José will work as part of a team that includes partners in the Graduate College, the Department of English and the School of International Letters and Cultures, at times taking leadership over a range of activities related to the MLA/Mellon Connected Academics grant. Above all, he will be assisting fellow graduate students to find meaningful and appropriate internships across a range of academic institutions, non-profit organizations, and businesses outside of the academy.




2015-2016 Connected Academics Research Fellow: Shannon Lujan

Shannon is a PhD Candidate in English at ASU. She studies contemporary multi-ethnic American literature and is particularly interested in the connection between walking, storytelling, place, and memory. Her research focuses largely on acts of walking as social, political, and personal agents of change and identity markers. She holds a BS in English Literature (minor in History) and an MA with an emphasis in migration from Eastern New Mexico University; Shannon also brings an unusually high level of professional and research experience to the position.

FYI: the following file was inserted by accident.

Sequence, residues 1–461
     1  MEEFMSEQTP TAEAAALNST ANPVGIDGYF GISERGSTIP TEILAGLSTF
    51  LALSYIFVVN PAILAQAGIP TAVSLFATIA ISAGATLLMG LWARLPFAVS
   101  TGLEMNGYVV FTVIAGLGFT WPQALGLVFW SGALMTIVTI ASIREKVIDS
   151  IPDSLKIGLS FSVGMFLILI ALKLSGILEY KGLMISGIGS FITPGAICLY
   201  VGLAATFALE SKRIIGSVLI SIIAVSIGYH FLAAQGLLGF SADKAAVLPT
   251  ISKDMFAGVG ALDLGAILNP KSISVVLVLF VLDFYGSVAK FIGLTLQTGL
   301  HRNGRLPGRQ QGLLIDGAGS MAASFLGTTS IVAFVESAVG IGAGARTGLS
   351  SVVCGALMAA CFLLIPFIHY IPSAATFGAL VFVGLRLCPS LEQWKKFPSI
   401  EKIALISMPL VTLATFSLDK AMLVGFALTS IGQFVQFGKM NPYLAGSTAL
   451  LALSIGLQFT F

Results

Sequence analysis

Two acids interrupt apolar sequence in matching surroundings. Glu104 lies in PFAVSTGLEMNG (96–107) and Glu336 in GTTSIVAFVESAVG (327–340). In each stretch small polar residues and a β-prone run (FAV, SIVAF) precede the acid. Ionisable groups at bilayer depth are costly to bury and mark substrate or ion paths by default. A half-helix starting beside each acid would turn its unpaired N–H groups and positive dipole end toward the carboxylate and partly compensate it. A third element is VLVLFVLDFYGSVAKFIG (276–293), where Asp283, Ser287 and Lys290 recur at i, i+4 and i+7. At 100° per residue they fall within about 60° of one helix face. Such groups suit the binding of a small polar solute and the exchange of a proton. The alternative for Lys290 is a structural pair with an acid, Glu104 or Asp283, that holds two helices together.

"Preparing for a Future in the Humanities as an English PhD"

“What I Learned as Arizona State University’s 2015-16 Connected Academics Fellow”